VET INFUSION PUMPS & OVERDOSE OF MEDICINE

Veterinary infusion pumps, when used appropriately, have the ability to improve neonatal medication safety in a small but important way. However, this benefit must be balanced with the effects of alert burden and alert fatigue, as individual medications or individual patients with a high alert burden may limit safety benefit through provider desensitization to alerts. Future work should address ways to improve alert salience, especially when alert rates are high, and identify ways to target Veterinary infusion pumps performance when individualization is required, particularly to decrease repeated nonactionable alerts.

Regular assessment of Veterinary infusion pumps data to assess violations of limits, current library limits, alert frequency, provider actions, and use of basic infusions will help improve the usefulness of Veterinary infusion pumpstechnology and the ability to prevent medication administration overdose of medicine in most vulnerable patients or pets. To reach their full potential, Veterinary infusion pumps should be used as part of an integrated system

Developing and applying a standard terminology to ensure better communication among Veterinary infusion pumps and other clinical information systems is recommended in the 2006 IOM report

  • Veterinary infusion pumps do not detect line mix-ups
  • Transaction data are retrievable from Veterinary infusion pumps
  • Data may be stored on the pumps (1 to 2 days’ worth or months’ worth on a server)
  • Multidisciplinary teams are crucial
  • Must determine who is responsible for updates and maintenance of drug libraries
  • Team must determine maximum and minimum limits and approve them through Pharmacy and Therapeutics (P&T) Committee
  • Improper Patient Use
  • Inadequate patient education contributes to improper PCA use
  • Most patients can be educated about PCA use
  • Not immediately after the postoperative period when they are groggy

Directions can be misunderstood even by patients who are fully alert; e.g., thought the Veterinary infusion pumps had to be pushed every 6 minutes even though their pain was under control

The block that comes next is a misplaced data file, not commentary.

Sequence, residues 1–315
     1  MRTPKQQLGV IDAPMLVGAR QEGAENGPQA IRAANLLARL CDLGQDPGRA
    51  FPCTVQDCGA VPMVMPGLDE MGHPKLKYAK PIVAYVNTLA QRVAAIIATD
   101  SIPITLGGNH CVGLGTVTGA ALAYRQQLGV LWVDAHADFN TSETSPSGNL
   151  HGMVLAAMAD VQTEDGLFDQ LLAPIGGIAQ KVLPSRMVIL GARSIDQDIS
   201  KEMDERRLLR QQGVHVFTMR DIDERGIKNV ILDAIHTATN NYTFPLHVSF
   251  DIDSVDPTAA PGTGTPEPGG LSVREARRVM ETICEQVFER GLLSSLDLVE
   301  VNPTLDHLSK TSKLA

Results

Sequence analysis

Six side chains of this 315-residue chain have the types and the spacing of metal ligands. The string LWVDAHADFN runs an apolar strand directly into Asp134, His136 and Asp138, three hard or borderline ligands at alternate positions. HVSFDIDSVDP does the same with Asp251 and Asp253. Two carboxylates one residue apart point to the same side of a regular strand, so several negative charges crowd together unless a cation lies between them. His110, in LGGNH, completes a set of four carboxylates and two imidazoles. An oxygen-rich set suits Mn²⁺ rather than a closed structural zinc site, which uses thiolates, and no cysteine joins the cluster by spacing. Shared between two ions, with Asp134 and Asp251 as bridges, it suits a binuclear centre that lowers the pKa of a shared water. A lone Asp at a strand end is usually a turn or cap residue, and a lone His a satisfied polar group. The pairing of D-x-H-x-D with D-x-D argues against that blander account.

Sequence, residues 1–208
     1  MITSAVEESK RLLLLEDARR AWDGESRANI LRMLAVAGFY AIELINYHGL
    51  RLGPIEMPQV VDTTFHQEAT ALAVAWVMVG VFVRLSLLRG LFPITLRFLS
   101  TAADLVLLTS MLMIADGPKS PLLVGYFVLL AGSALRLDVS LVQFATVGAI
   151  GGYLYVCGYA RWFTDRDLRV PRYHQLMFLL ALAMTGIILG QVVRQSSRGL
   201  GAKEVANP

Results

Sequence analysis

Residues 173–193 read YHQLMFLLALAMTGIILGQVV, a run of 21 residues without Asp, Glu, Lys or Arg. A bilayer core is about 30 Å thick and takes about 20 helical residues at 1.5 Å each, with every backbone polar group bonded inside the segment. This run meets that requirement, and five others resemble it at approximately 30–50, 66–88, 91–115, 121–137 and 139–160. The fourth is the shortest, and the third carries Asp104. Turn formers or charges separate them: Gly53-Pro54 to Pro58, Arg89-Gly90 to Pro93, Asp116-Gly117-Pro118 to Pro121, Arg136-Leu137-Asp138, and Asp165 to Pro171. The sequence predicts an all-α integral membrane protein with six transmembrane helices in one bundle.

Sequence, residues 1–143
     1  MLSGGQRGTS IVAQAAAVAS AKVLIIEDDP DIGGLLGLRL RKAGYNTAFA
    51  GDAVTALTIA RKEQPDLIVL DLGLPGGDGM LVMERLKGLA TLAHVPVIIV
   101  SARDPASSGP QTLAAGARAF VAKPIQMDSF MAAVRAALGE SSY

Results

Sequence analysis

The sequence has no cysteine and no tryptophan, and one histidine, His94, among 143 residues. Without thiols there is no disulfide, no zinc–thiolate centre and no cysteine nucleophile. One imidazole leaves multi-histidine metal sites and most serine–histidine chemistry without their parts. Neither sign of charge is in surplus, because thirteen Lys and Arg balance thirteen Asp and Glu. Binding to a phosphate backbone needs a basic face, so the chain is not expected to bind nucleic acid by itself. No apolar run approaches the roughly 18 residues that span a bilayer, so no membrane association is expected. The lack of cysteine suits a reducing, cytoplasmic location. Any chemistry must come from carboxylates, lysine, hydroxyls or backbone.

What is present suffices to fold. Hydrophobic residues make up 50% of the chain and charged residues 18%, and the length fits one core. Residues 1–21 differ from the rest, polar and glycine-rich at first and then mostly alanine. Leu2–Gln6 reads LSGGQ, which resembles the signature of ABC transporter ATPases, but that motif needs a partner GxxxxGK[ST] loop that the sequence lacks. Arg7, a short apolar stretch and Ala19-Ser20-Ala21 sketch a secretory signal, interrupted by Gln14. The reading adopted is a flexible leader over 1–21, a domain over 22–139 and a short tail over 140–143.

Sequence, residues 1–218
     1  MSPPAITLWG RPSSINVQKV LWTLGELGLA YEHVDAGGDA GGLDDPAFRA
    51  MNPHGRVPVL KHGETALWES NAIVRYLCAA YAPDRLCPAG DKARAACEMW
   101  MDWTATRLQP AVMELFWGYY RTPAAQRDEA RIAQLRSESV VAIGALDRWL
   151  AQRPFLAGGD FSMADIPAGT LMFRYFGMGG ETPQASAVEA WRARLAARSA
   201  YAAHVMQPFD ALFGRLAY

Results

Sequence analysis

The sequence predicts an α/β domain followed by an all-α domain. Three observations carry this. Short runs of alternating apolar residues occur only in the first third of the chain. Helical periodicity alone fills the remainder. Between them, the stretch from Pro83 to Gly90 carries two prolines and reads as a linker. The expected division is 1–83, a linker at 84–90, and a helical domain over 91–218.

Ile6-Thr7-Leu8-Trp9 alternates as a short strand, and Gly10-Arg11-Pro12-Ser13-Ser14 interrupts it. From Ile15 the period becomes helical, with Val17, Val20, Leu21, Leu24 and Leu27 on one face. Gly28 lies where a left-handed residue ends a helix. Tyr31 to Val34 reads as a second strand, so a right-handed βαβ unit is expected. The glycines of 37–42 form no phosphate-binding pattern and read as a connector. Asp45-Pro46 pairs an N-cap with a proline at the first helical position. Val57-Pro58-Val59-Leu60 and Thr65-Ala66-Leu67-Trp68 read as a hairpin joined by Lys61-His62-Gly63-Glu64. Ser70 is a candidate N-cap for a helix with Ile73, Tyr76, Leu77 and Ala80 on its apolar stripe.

What Your Patients Need To Know About The PCA Button Which Resembles A Call Button on the Veterinary infusion pumps

Some Veterinary infusion pumps have no feedback mechanism (visual or auditory) so the patient does not know whether the button was successfully pressed. If a nurse programmed a PCA at 50 mcg/mL as prescribed for fentanyl, Model defaulted to 1 mcg/mL when the enter key was not pressed within a specified amount of time, it will definitely causing the delivery to be 50 mL.

Personal Programming of The PCAs Can Have Mix-Ups Or Mental Slips Like:

  • Mechanical Problems
  • Examples of mechanical problems leading to PCA failures
  • Siphoning of air from broken syringes or cassettes
  • Short circuits
  • Insufficient batteries

Preventive Measures Veterinary infusion pumps

  • Encourage the uѕе оf Veterinary infusion pumps іn аmbulаtоrу care ѕеttіngѕ tо mаxіmіzе safety fеаturеѕ, ѕuсh аѕ dоѕе alerts, dоѕіng аnd flow rate lіmіtѕ, and feedback tо аllоw detection оf рumр programming еrrоrѕ. If possible, use оnlу 1 type of ambulatory pump thrоughоut thе organization.
  • Educate ѕtаff tо рrоgrаm аnd соnnесt аmbulаtоrу Veterinary infusion pumps. Ensure that іnіtіаl аnd ongoing competency vаlіdаtіоn іѕ mаіntаіnеd.
  • Dеvеlор a structured рrосеѕѕ for соnduсtіng and dосumеntіng іndереndеnt double-checks after рrераrаtіоn and prior tо administering of the medication.
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